Saturday, January 23, 2010

gin tea punch

This month's Mixology Monday theme, "Tea" (MxMo XLV), was chosen by um, well me. It was an idea that had been brewing since the late spring and when I mentioned it to a few people at Tales of the Cocktail in July, the reaction was quite positive. So shortly after that, I got into the venerable queue and awaiting my turn at hosting Mixology Monday. Part of the my description for this theme was to, "Find or concoct a drink recipe that uses tea or tisane (a herbal "tea" which lacks tea leaves) as an ingredient. This can be hot tea, cold tea, tea syrups, or infusions and use it in a cocktail, punch, or other drink type."

I was teetering between new school and old school recipes and I decided to let my elders guide me for this one. After flipping through Jerry Thomas and having either tried them or being discouraged by a gill of "warm calf's foot jelly" in some of them (true, there are a few tea-containing ones still left to try), I went to one of his disciples -- Kappeler. George J. Kappeler in his 1895 Modern American Drinks book had a bottled punch that seemed rather intriguing. The recipe for the Gin Tea Punch was the following:
Grate off the yellow part of the rinds of six lemons into a punch-bowl, add one pound cut-loaf sugar, the juice of the six lemons, half a pint of boiling water; mix well, add two quarts Old Tom gin. Infuse one teaspoonful coriander seeds in a pint of boiling green tea for twenty minutes, then add while hot to the mixture in the bowl, stir well and when cold strain, bottle, cork and seal. Keep in a cool place.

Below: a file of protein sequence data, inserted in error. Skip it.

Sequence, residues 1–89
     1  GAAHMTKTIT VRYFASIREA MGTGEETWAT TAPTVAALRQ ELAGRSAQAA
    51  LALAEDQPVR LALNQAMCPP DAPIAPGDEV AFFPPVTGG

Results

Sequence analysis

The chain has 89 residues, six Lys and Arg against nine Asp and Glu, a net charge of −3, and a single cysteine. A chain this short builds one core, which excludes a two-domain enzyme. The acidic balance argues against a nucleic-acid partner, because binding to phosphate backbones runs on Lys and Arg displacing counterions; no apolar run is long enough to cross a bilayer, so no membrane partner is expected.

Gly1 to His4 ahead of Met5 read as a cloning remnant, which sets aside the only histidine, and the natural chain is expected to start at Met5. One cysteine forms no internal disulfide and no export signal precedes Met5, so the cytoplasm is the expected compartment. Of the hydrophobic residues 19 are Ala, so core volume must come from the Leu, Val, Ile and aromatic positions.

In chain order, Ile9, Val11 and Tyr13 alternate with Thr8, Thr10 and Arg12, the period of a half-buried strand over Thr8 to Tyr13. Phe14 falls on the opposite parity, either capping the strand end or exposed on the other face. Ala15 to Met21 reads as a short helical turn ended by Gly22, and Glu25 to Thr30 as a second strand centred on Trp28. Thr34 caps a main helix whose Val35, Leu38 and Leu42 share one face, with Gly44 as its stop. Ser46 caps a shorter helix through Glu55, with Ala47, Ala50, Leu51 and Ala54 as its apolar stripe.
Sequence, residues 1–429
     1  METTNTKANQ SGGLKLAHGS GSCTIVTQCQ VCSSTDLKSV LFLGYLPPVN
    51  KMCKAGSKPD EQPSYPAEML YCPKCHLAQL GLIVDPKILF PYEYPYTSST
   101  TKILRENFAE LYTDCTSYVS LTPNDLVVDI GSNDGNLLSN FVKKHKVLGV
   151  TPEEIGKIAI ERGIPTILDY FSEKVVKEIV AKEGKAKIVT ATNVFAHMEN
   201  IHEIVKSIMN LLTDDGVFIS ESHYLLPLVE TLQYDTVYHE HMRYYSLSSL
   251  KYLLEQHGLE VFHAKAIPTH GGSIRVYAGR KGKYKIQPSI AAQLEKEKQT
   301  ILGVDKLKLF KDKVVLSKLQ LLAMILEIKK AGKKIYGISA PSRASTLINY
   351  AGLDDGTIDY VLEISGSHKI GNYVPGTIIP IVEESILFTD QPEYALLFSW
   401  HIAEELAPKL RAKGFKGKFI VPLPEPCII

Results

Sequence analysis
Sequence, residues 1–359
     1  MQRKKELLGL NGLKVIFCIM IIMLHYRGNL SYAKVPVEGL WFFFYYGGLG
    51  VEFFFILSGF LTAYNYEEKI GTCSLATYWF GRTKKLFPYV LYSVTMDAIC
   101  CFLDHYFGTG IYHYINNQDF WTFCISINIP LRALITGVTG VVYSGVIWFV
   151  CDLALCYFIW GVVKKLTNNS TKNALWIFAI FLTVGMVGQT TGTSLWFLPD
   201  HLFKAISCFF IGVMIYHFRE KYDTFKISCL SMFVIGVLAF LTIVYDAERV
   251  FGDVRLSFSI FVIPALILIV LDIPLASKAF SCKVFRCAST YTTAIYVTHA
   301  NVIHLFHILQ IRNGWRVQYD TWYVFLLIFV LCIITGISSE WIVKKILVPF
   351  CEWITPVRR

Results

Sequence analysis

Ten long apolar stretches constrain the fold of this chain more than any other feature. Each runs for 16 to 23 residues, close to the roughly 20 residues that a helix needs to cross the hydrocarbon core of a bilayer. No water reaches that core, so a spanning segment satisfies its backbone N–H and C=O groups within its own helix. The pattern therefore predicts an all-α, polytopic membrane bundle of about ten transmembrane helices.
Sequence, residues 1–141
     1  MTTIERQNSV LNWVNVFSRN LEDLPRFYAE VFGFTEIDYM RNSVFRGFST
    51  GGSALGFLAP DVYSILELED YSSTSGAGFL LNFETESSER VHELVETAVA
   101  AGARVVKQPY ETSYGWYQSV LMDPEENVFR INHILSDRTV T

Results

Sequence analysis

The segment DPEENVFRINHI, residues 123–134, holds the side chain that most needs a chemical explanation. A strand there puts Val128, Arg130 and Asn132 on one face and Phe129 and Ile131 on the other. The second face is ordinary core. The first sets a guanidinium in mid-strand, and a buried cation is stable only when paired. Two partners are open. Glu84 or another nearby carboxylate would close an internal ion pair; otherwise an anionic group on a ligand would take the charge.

Not wanting to make the full complement of this recipe, I scaled it down eight fold such that the ingredient list was:
• 3/4 Lemon (~1 1/4 oz Juice, 3/4 Rind)
• 2 oz Sugar (Turbinado)
• 1 oz Boiling Water
• 8 oz Old Tom Gin (Hayman's)
• 1/8 tsp Coriander Seed
• 2 oz Green Tea (Japanese green tea + boiling water)
I upped the zest and juice to a full lemon since we prefer our drinks a little on the drier and crisper side of things. With the use of a microplane to zest the lemons, a microwave to reheat the tea and coriander seed part way through, and a tea towel to strain the punch at the end, the project did not take all that long. It would have had I not scrapped the plan to coffee filter strain the punch; the filters were clogging at such a fast rate that I figured that I could deal with a little cloudy sediment in the glass. I stored the punch in a bottle for 4 days to allow for a little extra flavor blending before we tasted it last night.
The punch's aroma was full of gin botanical and lemon notes. The sip presented a sweet and spicy tea flavor that was bolstered by the gin and citrus. Subsequently, the coriander and some of the gin botanicals sang through on the swallow. The tea and coriander's bitter notes and the lemon were rather well balanced by the sugar content of the punch. Overall, the Gin Tea Punch was a rather elegant concoction for the late 1800s and was probably quite handy for entertaining on a moment's notice given its bottled shelf life.

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